precarious containment areas for the extremely seriously mentally
ill, not a haven, nor asylum from stress for those who need
For these reasons, being admitted to a psychiatric ward today may
in fact be an added source of stress - not a therapeutic experience
Some evidence for this comes from a recent investigation of a
consecutive series of individuals aged 18 to 65 who died by suicide
between the 1 January 2001 and 31 December 2006 in England, the
date of death being within seven days of the date of admission to a
The study entitled, Suicide
in recently admitted psychiatric in-patients: A case-control
study, found around a quarter of all in-patient suicides
occurred within the ﬁrst week of admission to psychiatric
in-patient care. 46% of cases died on the ward itself; the majority
by hanging. 40% of suicide cases died within the ﬁrst three days of
admission. A ﬁfth of all suicides were on authorised leave at the
time of death, but 34% were off the ward without staff agreement,
compared to only 1% of controls.
The authors, Isabelle Hunt, Harriet Bickley, Kirsten Windfuhr,
Jenny Shaw, Louis Appleby and Nav Kapur, conclude that contrary to
previous relevant research, this investigation examining wards in
England found a short length of illness (less than 12 months
duration) was independently predictive of suicide in the immediate
The study, published in the 'Journal of Affective Disorders' in
2013, contends that it may be that receiving a psychiatric
diagnosis requiring in-patient treatment is particularly stressful,
plus the experience of entering an environment that patients have
described as ''frightening'' and ''intimidating' probably
increases, rather than diminishes, suicidal feelings.
The authors considered there could also be an association between
being admitted to a psychiatric ward and a heightened sense of
Given that those on authorised and unauthorised leave account for
such a large proportion of in-patient suicides from their data, the
authors of this study point to two recent court cases in England
after the suicide of a detained patient who absconded (Savage v.
South Essex Partnership NHS Foundation Trust, 2008) and a voluntary
patient who died by suicide whilst on leave (Rabone v. Pennine Care
NHS Trust, 2012).
The authors of the study point out that these cases were viewed as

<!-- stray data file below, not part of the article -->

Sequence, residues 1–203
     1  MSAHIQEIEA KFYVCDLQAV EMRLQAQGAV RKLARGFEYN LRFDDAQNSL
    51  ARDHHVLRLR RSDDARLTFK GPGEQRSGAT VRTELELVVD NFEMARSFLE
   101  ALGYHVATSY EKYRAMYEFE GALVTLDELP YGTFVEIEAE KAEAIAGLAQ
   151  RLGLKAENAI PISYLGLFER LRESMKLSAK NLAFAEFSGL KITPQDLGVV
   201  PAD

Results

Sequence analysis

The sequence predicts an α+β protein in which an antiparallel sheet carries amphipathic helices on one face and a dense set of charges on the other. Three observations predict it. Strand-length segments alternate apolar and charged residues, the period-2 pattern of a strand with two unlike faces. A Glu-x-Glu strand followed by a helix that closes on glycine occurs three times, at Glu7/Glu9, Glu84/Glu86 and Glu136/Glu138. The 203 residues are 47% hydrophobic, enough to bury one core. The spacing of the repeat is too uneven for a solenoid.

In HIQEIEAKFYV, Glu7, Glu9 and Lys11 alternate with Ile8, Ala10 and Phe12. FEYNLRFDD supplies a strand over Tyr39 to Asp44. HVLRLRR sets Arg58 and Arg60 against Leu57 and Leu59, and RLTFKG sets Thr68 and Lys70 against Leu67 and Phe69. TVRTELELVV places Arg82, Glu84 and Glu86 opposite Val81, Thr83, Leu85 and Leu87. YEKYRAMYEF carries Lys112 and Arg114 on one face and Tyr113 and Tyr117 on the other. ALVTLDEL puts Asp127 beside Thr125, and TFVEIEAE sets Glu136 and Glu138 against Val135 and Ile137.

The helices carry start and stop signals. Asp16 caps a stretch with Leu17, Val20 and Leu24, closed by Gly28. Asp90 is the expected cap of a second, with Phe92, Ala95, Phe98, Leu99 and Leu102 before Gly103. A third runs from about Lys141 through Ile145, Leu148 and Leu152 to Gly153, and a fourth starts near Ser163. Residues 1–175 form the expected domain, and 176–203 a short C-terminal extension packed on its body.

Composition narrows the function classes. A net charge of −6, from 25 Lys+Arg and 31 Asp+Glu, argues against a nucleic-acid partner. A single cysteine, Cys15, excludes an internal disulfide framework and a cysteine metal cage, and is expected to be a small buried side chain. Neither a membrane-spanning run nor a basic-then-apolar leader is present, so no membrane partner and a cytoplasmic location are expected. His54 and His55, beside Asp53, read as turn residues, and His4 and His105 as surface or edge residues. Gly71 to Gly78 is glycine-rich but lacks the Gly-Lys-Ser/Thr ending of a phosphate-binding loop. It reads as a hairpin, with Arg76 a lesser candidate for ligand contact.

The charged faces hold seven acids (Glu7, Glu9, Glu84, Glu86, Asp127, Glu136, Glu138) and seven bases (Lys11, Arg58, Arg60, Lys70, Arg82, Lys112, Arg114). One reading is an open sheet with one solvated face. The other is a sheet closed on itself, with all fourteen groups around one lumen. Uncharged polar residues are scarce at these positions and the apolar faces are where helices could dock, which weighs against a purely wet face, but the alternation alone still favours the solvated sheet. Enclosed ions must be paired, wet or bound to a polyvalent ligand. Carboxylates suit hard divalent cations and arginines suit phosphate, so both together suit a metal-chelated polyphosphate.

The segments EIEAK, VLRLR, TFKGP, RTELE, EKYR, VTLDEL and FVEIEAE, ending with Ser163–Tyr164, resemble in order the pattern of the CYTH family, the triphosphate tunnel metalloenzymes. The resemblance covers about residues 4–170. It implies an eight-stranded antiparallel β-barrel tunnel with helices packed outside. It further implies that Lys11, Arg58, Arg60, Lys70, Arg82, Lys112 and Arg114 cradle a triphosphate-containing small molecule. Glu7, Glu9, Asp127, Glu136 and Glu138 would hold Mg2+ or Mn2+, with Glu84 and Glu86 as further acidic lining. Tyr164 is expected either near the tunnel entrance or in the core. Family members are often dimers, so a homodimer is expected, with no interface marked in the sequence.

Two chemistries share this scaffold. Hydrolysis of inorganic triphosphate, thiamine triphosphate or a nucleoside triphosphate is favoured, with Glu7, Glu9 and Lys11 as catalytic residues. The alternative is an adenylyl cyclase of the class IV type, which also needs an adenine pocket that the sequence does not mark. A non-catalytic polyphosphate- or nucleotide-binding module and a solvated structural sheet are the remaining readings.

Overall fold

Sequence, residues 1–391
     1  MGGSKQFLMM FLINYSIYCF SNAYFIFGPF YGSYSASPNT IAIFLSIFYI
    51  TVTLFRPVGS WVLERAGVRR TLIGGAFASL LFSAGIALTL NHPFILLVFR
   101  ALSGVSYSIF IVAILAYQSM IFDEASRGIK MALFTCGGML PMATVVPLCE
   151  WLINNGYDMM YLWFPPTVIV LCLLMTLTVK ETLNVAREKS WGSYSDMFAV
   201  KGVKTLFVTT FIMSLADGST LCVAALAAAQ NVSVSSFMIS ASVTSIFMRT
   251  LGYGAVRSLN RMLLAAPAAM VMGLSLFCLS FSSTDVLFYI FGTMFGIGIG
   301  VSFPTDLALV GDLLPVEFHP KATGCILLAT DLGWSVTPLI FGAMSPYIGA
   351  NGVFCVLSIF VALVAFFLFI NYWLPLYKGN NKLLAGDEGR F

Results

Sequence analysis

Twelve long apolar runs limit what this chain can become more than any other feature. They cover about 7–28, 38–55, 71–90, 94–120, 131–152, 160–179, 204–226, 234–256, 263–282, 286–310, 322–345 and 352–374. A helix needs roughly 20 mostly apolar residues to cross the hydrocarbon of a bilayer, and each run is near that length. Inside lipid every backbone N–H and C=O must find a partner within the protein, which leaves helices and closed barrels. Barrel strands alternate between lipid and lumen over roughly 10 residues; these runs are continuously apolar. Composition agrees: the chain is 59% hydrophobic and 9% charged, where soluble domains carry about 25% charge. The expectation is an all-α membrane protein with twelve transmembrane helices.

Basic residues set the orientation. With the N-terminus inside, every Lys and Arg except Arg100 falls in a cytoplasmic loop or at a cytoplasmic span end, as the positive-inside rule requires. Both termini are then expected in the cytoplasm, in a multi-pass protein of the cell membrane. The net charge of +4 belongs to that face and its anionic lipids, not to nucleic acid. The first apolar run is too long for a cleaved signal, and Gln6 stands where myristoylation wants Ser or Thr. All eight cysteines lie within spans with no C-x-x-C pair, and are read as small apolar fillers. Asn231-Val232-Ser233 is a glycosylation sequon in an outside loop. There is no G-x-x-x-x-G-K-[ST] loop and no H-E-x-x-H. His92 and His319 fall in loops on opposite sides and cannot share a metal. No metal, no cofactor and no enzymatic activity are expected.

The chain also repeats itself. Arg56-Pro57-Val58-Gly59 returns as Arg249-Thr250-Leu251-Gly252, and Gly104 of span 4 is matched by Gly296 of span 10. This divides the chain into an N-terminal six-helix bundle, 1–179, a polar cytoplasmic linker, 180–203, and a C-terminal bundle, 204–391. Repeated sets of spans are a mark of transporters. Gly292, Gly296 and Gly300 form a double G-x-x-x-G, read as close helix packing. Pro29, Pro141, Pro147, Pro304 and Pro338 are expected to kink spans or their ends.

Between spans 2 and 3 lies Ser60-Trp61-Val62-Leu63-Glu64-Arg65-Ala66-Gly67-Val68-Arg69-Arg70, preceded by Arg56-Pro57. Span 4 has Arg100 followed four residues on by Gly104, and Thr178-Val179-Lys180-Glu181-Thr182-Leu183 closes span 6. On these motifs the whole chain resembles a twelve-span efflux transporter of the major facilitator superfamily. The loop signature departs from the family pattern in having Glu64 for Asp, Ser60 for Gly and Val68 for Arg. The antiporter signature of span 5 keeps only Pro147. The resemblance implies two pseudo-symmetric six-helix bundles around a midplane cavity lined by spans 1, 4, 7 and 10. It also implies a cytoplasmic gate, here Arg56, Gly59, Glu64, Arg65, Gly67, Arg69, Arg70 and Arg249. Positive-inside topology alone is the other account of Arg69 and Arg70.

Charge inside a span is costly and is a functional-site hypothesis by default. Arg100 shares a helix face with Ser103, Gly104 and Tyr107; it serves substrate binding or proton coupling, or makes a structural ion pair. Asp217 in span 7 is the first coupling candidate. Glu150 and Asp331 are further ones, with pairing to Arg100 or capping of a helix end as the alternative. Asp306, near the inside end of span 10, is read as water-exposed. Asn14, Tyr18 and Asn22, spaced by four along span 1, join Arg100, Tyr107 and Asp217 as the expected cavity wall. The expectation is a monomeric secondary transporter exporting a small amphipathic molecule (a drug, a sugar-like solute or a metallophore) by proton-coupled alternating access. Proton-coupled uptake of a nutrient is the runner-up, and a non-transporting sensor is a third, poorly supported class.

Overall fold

a breach of Article 2 of the European Convention on Human Rights
(which safeguards the right to life), resulting in a new obligation
for health authorities and hospital staff to protect patients where
there is a ''real and immediate'' risk of suicide.
The danger of the current headlines over fewer beds is that it's
not just the numbers that are important - the quality of the bed,
as it were, is vital. What is the point of offering a bed if the
quality of the experience is so poor, aspects of it contribute to
The NHS neglects quality of care, which has been sacrificed on the
altar of numbers, because numbers are so political.
Numbers of beds dominates the debate - and numbers are important
because we have had too few beds for the system to be safe for some
time now. And the decline in bed numbers appears to continue
inexorably. But we should be looking beyond numbers to human
beings, focusing as well on the quality of what patients get, when
they actually get anything at all.
Raj Persaud is a Consultant Psychiatrist in Private Practice in
Harley Street, London UK and author of several best-selling books
including ‘The Mind: A Users Guide’ published by Bantam Press. Dr
David James is an eminent Forensic Psychiatrist.
Raj Persaud is joint podcast editor for the Royal College of
Psychiatrists and also now has a free app on iTunes and google play
store entitled ‘Raj Persaud in conversation’, which includes a lot
of free information on the latest research findings in mental
health, plus interviews with top experts from around the world.